I was only two days into Bootcamp when my hand started bothering me. Oh no, I thought, as I rubbed my wrist, flashing back three years to a workplace-related injury. By the end of the week, I was frantic. My entire right arm was hurting me. An old injury had resurfaced with a vengeance, but I knew there was no way I’d ever be able to get through this computer-heavy program with this much pain, let alone the next week.
I, like the rest of my iMedia cohort, knew when I chose this program it was going to be intense. Studying interactive media, obviously, and living in the twenty-first century, my classmates and I knew it was going to involve a lot of time sitting in front of a computer, editing, tweaking, designing. But we didn’t quite realize that the nature of the program was going to mess with our bodies.
The piles and piles of homework seemed never-ending – the only way to get through it was to take it one day at a time. There was always something to read, a project to work on, a dreaded Flash assignment to start, and many of us felt that we could barely keep up. And then our advisors and professors would remind us about portfolios, conferences, competitions, outside projects and job searching tactics, which only served to work us up into another tizzy.
To say we were stressed is laughable. Stress is par for the course here.
But we also were in pain.
Eye strain. Sore backs. Numb fingers. The lack of sleep and odd eating habits weren’t helping, certainly, but that’s part of school. The pain, which was too common and too frequent to be an aberration, is not.
With our tight schedules – five classes, a seminar and a workshop for the first half of the semester – finding time to exercise was tough. But several students, myself included, realized that we needed that breather.
“I handle everything by eating sweets and exercising twice a week. Counterproductive, kind of, but it works for me,” said Dioni Wise, who takes Zumba classes in Greensboro, where she lives, twice a week. She also added that her commute gives her some down time where she can’t work on work, even if she is just sitting in a car.
Other students, like Ruth Eckles, say that the commute – she drives from Durham – is relaxing because it forces her to step away from the madness and focus on something else.
However, that’s not a real break. She quickly noticed that she was stressing herself out. “Working so hard in the program, I pretty much dropped all my personal self-care regimen (eating well, exercising, getting enough sleep, being social with friends), telling myself ‘there’s no time!’ Over time, this has caused my anxiety to escalate and as a result, it felt harder to concentrate, and I just felt physically and emotionally bad. I could tell if I kept it up, I was heading for a serious case of depression. I knew I needed to nip that in the bud and be more proactive. So I basically have just been making myself do all those things I tell myself there’s no time to do: I work out, I get enough sleep,” she said.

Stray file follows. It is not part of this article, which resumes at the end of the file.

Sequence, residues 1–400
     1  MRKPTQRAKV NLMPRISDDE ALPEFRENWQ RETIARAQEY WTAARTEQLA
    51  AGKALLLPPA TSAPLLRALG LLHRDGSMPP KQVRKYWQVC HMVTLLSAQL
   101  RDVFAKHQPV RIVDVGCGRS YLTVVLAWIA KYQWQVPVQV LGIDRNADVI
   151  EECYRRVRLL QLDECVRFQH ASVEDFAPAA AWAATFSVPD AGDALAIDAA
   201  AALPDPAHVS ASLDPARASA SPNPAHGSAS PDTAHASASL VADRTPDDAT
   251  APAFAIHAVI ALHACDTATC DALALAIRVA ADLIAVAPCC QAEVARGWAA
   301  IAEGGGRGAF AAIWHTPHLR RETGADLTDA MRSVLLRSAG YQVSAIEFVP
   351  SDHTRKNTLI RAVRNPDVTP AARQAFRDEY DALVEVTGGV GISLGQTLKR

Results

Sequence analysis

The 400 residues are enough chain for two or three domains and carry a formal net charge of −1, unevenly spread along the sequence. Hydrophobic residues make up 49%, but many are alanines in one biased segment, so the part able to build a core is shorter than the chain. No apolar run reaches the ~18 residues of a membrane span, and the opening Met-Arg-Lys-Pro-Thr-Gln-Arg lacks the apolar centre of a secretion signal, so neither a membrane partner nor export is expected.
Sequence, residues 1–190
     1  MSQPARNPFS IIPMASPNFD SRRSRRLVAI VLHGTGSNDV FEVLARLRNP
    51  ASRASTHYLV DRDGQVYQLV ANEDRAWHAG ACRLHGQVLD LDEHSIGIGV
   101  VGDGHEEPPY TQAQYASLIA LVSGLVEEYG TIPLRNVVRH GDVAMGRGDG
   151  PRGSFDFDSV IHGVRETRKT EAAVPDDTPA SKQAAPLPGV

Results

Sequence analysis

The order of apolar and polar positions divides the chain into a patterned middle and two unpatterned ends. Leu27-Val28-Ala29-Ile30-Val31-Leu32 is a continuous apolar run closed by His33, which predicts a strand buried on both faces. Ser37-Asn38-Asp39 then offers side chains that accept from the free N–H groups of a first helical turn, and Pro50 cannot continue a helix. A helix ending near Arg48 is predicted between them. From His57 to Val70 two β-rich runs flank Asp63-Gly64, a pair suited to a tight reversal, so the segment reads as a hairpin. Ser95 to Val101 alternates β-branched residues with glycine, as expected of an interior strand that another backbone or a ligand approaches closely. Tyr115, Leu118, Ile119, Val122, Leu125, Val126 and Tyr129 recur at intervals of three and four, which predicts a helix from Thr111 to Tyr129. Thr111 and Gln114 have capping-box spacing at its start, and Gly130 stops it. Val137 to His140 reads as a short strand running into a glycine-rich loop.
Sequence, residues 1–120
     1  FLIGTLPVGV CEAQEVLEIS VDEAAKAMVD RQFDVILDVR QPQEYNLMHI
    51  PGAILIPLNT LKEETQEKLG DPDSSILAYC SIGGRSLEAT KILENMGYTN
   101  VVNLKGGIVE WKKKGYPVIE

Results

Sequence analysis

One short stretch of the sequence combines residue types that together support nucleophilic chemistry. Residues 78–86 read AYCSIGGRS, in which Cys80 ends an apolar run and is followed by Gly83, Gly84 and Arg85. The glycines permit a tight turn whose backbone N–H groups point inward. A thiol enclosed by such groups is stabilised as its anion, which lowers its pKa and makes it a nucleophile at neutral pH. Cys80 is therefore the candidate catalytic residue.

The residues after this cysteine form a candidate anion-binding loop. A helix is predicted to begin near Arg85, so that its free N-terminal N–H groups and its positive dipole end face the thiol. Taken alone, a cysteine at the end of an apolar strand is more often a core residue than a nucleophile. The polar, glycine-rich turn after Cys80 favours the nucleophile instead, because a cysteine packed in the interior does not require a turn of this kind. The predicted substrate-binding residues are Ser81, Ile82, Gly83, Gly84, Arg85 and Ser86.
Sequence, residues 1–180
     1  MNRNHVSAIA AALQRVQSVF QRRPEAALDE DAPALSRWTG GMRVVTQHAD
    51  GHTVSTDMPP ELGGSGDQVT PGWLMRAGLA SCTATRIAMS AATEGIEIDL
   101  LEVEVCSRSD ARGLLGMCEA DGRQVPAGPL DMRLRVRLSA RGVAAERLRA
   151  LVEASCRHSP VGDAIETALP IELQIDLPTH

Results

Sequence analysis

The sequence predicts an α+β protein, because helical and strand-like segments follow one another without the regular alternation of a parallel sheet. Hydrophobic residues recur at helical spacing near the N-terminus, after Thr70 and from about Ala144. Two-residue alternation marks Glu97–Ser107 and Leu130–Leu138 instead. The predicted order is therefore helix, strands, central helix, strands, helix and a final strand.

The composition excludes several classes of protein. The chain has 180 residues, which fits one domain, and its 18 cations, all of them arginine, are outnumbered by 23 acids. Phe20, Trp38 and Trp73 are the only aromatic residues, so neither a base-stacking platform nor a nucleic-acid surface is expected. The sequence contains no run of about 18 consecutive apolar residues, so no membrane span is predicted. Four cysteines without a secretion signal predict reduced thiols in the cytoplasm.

Other students echoed her sentiments. Marshall Beringer realized that his lower back pain was “probably due to the amount of sitting in front of a chair while working on the laptop. Now, I’ve been taking more breaks by walking around for a little bit. That actually seems to be helping quite a lot.”
Beringer and Eckles have the right idea. Even though our 10 months here gives us the feeling that there’s never enough time to devote to everything we want to do, we need to fit in exercise breaks, even if it is just a walk around campus. Those walks stimulate thoughts, open up our mind and can lead to inspiration or a breakthrough in a way that staring at code for ten minutes won’t.
As Elon students, we also have access to a large gym, a swimming pool, and a program where $20 will get you unlimited exercise classes like yoga, Pilates, kickboxing and yes, Zumba for the whole year. If we can find time to get away, Elon is situated near some wonderful parks and hiking trails, and we aren’t far from Greensboro if we want to do some urban exploring.
Keeping our bodies refreshed will help us think clearly, enabling us to focus our energy where it really matters: on our studies. Breaks are good and absolutely necessary, especially in a rigorous graduate program that leaves little time for much else. In between classes, I try to move around, taking quick strolls around campus, and I try to go for a run or do some form of sustained exercise at least once a week – my absolute minimum.
As for that pain: all I needed to do was switch the mouse. Now I just have to make sure that I can teach myself to step away from the computer.